CAR T-cell therapy linked to cardiovascular, pulmonary adverse effects
Chimeric antigen receptor T-cell therapy appeared associated with various cardiovascular and pulmonary adverse events, according to results of a retrospective pharmacovigilance study.
The analysis — published in Journal of the American College of Cardiology — revealed overreporting of tachyarrhythmias, cardiomyopathy, pleural disorders, pericardial diseases and venous-thromboembolic events relative to background incidence across the FDA Adverse Event Reporting System database.
“[Although] the true incidence of cardiovascular complications cannot be directly deduced from the FDA Adverse Event Reporting System, we estimate that over 10% of patients experience them,” Roni Shouval, MD, PhD, attending physician in the department of medicine and member of the Adult Bone Marrow Transplant Service at Memorial Sloan Kettering Cancer Center, told Healio.
Researchers used the FDA Adverse Event Reporting System database to characterize treatment-related cardiovascular and pulmonary toxicities among 2,657 patients who underwent CD19-directed CAR T-cell therapy with axicabtagene ciloleucel (Yescarta; Kite Pharma/Gilead Sciences) or tisagenlecleucel (Kymriah, Novartis) between July 1, 2014, and June 30, 2020. The majority (83.7%) of patients had non-Hodgkin lymphoma.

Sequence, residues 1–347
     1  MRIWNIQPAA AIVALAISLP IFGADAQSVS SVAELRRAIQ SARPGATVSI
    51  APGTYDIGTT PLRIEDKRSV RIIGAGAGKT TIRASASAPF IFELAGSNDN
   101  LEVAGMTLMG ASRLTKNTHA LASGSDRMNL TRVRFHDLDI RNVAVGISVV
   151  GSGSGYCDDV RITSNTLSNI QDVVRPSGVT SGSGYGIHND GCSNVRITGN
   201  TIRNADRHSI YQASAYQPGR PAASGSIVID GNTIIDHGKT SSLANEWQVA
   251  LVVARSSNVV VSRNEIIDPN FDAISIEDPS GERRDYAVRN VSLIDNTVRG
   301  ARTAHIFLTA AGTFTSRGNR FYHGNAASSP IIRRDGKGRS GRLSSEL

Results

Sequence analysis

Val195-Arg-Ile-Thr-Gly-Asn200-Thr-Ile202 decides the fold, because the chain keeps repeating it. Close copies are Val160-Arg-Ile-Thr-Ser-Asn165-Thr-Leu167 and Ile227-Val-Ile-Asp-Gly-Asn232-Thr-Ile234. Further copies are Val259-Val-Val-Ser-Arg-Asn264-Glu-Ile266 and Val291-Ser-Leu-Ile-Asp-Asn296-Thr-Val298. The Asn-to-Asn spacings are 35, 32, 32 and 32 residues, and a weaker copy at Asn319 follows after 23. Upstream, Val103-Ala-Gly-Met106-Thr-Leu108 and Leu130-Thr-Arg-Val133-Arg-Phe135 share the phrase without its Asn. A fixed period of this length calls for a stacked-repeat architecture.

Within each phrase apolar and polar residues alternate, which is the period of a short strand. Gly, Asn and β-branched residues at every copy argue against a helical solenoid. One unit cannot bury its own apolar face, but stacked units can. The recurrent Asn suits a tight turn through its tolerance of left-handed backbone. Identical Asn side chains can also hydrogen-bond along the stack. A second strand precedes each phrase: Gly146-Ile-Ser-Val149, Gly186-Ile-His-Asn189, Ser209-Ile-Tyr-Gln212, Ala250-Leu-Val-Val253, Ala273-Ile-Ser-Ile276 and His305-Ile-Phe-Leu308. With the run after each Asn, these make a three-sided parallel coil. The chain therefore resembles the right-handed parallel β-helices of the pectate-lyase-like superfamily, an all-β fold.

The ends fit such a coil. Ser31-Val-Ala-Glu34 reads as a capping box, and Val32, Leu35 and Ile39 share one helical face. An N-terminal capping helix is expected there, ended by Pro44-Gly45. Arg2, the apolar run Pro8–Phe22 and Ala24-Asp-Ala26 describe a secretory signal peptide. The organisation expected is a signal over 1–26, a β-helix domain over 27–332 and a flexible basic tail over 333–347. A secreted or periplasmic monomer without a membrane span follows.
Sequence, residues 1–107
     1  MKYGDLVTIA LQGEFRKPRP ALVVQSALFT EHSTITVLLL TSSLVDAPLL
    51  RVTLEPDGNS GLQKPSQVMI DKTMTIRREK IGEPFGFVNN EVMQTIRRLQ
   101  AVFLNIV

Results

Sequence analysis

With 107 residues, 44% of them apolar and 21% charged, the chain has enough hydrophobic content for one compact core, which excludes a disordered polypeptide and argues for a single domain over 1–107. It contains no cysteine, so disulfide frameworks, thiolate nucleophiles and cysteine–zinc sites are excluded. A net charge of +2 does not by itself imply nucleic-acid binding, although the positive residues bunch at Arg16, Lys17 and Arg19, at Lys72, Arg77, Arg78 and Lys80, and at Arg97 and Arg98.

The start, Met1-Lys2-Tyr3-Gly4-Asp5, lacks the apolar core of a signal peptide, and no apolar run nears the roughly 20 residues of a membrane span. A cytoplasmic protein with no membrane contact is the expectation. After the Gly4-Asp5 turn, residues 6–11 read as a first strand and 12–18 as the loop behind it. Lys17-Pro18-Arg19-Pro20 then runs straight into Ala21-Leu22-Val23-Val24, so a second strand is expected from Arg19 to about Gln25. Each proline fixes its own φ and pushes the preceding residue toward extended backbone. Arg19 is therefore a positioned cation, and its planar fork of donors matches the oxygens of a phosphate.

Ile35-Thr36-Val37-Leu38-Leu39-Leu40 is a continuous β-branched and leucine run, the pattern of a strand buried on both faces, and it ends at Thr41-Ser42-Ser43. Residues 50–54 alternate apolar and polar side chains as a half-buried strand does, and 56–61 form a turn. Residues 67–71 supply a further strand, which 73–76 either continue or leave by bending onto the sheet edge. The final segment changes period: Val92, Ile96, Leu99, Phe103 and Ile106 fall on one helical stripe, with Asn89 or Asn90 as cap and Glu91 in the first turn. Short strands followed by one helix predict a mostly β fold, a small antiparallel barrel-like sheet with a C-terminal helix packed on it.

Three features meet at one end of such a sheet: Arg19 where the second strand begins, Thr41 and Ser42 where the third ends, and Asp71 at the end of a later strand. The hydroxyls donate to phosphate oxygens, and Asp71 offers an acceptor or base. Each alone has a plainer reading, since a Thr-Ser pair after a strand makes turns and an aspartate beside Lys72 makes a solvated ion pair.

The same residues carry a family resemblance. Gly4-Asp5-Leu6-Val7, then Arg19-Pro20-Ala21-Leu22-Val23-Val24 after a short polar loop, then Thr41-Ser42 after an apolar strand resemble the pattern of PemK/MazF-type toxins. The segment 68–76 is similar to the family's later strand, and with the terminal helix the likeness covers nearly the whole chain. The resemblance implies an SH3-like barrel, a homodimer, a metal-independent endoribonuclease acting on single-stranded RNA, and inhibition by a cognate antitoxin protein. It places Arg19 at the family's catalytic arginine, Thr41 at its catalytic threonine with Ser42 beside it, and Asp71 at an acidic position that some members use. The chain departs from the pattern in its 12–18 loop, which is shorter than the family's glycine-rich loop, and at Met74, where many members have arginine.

Investigators identified 546 cardiovascular and pulmonary adverse events (CPAEs) in this group.
CPAEs overlapped with cytokine release syndrome in 68.3% of reports, making CRS the most widely reported adverse effect of CAR-T recipients in the database, with a fatality rate of 17.4%.
“The early timing of CPAE reports and the overlap with CRS timing further support the potential mechanistic link between CRS and CPAEs,” Shouval and colleagues wrote. “Vigilant monitoring of vital signs and electrocardiography is appropriate [for] patients treated with CAR-T, especially among those who develop CRS.”
Excluding hypotension, the most common overreported CPAEs were tachyarrhythmias (adjusted reporting OR = 2.78; 95% CI, 2.21-3.51) and cardiomyopathy (adjusted reporting OR = 3.51; 95% CI, 2.42-5.09). Researchers characterized corresponding fatality rates as “substantial” (36.5% for tachyarrhythmias and 36.9% for cardiomyopathy).
Researchers reported a 30.9% fatality rate with the CPAEs assessed. Overreported CPAEs associated with the highest fatality rates were cardiogenic shock (80.9%) and respiratory failure (66.2%).
When investigators stratified by CAR-T product, they observed what they called “a significant overreporting signal of VTE” after axicabtagene ciloleucel therapy (adjusted reporting OR = 1.8; 95% CI, 1.24-2.62).
An age- and sex-adjusted comparison of the two CD19-directed CAR-T products showed axicabtagene ciloleucel was associated with higher reporting of CRS (adjusted reporting OR = 1.4; 95% CI, 1.04-1.9), tachyarrhythmias (adjusted reporting OR = 1.82; 95% CI, 1.04-3.18) and VTE (adjusted reporting OR = 2.86; 95% CI, 1.18-6.93) than tisagenlecleucel.
Results showed similar reporting of composite severe cardiovascular adverse events between treatment groups.
“This post-marketing surveillance study suggests that CPAEs represent a meaningful challenge in the care of CAR-T recipients,” Shouval told Healio. “The strong link with CRS and increased mortality signal related to cardiovascular and pulmonary toxicity should prompt early interventions to mitigate CRS in early stages, especially [among] patients with cardiovascular risk factors. Importantly, more research is needed to define the mechanisms of cardiac complications in CAR-T recipients.”